0.09 ± 0.05
0.05 ± 0.03
E
P1
P2
with x/L = (Ʃ x in each group) / 2 + Ʃ x of preceded group
L spécific
Applied on data :
Obtaining  Cx=0
Figure 2. BP Concentration profile in the SC 30
minutes after cutaneous application of emulsion and
two petrolatum gels (volunteer 1).
0.81 ± 0.63
0.20 ± 0.07
0.16 ± 0.08
Conc t=30min (M) in SC (mean ± sd; n=4)
OS†¥ b
Measured in
predicted
vivo
1.41 ± 2.24
0.08 ± 0.04
0.06 ± 0.03
0.76 ± 0.63
0.20 ± 0.13
0.17 ± 0.08
OMC†¥ c
Measured in
predicted
vivo
0.49 ± 0.75
0.05 ± 0.03
0.02 ± 0.01
0.49 ± 0.52
0.11 ± 0.05
0.09 ± 0.05
† : no significant difference between experimental and predicted concentrations (p > 0.05; Wilcoxon test).
¥ : significant linear relationship between experimental (y) and predicted (x) concentrations :
a: y = 0.7169 x - 0.09 R2 = 0.819 p < 0.05
b: y = 0.7198 x - 0.49 R2 = 0.819 p < 0.05
c: y = 0.8827 x - 0.11 R2 = 0.819 p < 0.005
No significant difference (p>0.05) was revealed between calculated and experimental
concentration confirming the relevance of this approach.
 Area under the curve (AUC) = UV filter concentration (M) in SC
 If t = 30 min : Acquisition of concentration profile
Table 2. Absorption parameters of BP, OS and OMC in human stratum corneum (n = 4 volunteers) following 7-min exposure to three
sunscreen products (E, P1 and P2) in vivo. Those parameters were calculated from the fit of a mathematical solution of Fick's second
law (Eq. 1) to the 7-min in vivo data and K with eq.2. D is the diffusivity coefficient into the SC and K the partition coefficient between the
vehicle and the SC..
Formulation
 Comparison between concentration in the SC at t = 30 min obtained experimentally
and those obtained using mathematical model and results from t = 7 min.
E
P1
P2
K et D/L² parameter determination of each UV filter in each formulation
D/L² obtained with Eq. 1
Eq. 2
10-5 . D/L² (s-1) (mean ± sd; n=4)
BP
OS
OMC
4.34 ± 1.77
6.54 ± 2.53
7.91 ± 6.49
6.57 ± 5.57
6.15 ± 5.08
6.50 ± 4.30
4.85 ± 4.50
6.31 ± 2.66
3.55 ± 2.12
BP
K (mean ± sd; n=4)
OS
13.57 ± 10.62
1.50 ± 0.58
4.12 ± 3.56
16.00 ± 13.60
2.20 ± 1.65
5.83 ± 5.15
OMC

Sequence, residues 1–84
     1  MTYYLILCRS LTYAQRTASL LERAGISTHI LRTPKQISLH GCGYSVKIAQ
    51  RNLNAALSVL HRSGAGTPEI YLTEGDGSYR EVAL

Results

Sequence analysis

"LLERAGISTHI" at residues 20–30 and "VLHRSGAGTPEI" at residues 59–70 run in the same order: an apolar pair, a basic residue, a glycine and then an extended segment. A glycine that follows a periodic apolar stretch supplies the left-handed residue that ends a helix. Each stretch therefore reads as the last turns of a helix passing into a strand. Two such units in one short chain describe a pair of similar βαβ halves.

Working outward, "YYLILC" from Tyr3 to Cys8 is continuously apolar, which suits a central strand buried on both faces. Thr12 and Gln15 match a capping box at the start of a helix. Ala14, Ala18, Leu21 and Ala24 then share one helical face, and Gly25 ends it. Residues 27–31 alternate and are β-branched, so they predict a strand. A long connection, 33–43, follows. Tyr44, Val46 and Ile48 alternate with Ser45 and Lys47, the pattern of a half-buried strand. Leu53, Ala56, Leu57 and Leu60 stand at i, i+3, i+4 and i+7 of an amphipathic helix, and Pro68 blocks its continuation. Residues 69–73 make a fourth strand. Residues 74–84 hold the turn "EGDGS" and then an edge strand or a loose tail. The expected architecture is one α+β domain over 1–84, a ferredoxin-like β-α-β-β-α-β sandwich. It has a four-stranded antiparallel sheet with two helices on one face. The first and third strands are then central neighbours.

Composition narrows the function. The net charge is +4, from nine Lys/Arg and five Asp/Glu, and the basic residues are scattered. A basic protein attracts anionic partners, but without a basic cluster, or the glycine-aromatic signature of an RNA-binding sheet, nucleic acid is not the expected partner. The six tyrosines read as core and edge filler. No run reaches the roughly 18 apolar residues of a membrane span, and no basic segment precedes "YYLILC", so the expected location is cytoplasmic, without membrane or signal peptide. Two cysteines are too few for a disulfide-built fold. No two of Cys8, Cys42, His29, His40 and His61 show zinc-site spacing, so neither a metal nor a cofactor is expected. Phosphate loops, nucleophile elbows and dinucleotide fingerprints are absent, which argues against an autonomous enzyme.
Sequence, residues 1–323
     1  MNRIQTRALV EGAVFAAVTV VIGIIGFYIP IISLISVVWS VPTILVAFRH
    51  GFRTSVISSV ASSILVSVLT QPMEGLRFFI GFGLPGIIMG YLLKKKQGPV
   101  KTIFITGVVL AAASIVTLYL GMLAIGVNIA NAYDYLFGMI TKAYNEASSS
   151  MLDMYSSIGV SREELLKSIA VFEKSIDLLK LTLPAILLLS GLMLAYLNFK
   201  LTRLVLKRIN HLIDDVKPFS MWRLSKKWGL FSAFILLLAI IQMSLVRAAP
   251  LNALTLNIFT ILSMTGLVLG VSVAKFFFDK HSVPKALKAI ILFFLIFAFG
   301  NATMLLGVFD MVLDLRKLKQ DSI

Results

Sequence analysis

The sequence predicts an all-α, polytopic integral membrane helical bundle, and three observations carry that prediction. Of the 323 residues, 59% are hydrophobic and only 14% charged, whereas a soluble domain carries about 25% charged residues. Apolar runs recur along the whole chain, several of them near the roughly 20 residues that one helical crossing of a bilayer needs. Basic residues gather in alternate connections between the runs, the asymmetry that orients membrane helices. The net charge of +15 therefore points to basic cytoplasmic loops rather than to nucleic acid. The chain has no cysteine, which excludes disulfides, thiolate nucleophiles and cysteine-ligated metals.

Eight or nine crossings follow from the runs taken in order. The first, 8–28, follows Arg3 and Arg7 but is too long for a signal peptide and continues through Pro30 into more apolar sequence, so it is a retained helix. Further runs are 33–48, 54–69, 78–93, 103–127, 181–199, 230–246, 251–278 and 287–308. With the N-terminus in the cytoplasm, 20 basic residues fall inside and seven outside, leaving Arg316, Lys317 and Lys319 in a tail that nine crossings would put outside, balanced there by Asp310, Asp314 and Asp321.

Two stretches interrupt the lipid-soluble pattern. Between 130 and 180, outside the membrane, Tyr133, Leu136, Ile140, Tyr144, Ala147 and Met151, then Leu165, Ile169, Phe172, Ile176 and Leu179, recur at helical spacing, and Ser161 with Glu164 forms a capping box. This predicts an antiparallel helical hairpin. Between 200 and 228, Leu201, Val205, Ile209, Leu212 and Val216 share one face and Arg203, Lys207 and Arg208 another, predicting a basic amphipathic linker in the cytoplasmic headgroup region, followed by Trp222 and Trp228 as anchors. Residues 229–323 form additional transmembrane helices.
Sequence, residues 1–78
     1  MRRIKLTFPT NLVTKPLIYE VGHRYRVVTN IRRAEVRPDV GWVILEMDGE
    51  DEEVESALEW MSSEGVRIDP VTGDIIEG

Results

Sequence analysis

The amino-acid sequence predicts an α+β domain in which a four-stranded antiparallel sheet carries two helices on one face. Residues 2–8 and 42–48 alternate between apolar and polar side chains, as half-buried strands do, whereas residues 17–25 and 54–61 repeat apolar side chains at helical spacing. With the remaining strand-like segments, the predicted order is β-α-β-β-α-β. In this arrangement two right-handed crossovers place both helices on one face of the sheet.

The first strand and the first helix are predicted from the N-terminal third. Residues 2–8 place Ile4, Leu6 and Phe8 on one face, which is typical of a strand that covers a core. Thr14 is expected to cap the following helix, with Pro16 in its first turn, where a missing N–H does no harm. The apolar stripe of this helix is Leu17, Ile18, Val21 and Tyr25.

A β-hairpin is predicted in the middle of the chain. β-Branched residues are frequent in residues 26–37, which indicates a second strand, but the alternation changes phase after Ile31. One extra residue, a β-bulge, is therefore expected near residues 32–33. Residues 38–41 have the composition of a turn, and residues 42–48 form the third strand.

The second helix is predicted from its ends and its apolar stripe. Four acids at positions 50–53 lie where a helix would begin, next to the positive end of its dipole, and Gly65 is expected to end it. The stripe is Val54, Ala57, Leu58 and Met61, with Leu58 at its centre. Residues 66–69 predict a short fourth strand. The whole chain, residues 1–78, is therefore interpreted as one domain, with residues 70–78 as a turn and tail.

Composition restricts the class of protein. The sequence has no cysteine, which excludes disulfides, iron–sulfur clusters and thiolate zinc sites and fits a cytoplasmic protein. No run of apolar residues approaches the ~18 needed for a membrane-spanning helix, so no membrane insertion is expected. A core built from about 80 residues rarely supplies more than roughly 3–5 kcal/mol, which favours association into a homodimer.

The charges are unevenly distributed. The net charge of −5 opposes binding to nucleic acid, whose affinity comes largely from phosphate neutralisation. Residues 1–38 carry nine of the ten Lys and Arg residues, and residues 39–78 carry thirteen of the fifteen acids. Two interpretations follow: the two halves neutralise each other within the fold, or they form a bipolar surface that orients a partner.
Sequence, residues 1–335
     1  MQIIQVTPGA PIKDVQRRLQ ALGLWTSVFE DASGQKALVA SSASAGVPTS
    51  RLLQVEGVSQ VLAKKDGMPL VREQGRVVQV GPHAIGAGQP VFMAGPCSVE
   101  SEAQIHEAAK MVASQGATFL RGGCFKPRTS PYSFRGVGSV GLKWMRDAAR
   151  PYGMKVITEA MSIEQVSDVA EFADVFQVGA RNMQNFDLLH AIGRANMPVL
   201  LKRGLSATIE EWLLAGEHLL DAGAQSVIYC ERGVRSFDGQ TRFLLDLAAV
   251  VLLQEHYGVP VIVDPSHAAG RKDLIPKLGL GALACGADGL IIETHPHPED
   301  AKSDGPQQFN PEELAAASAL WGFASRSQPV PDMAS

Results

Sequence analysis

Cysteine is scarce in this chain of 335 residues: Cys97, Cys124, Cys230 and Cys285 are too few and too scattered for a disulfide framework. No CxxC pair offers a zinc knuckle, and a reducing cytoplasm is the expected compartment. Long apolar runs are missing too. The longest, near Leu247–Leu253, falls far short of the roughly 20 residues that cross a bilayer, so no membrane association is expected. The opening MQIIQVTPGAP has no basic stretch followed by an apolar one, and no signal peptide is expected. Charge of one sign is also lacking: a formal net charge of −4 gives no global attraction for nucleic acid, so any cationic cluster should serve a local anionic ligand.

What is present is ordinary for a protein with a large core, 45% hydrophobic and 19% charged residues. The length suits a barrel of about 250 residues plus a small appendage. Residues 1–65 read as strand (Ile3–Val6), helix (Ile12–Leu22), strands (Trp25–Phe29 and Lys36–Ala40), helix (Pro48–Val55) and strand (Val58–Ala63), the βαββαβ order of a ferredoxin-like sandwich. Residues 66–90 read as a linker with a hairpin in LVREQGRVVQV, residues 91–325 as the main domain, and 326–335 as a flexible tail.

5.25 ± 5.85
0.73 ± 0.33
1.84 ± 1.85
For BP, it appeared that emulsion E promoted the penetration into the SC and the BP
retention in the SC (D is low and Conc(M) high) contrary to formulation P1 and P2 (D
is higher and Conc(M) lower) which enhanced the permeation through the SC.
Otherwise, for OS and OMC UV-filters, very lipophilic molecules, the partition
coefficient was still higher with emulsion but the diffusion inside was similar for all
formulation.
Conclusions
The dermato-pharmacokinetic approach takes into account the actives formulation. The penetration profile at different times can be predicted avoiding too long exposure time and reducing
areas of skin applications.
An overestimation of UV filters penetration was noticed but ensures security in relation to the use of sunscreens.
For this study, the emulsion seems the most appropriate formulation for BP in term of efficacy and security. In fact, the efficiency was enhanced when chemical stays into the outermost part of
the SC. Moreover, BP not diffused through the SC and remained into it when emulsion was employed. With formulation containing petrolatum, excipient used for its occlusive effect, the
diffusion was enhanced and the BP did not stay into the SC but passed into the epidermis.
Sunscreens containing OS and OMC, emulsion could be also recommended because UV filters remain into SC. Although, Petrolatum gel could also be employed considering that OMC and
OS are too lipophilic to pass into the epidermis even if petrolatum is used. In this case, these UV filters remained into the formulation and not into the SC.
Contact :
[email protected]
[email protected]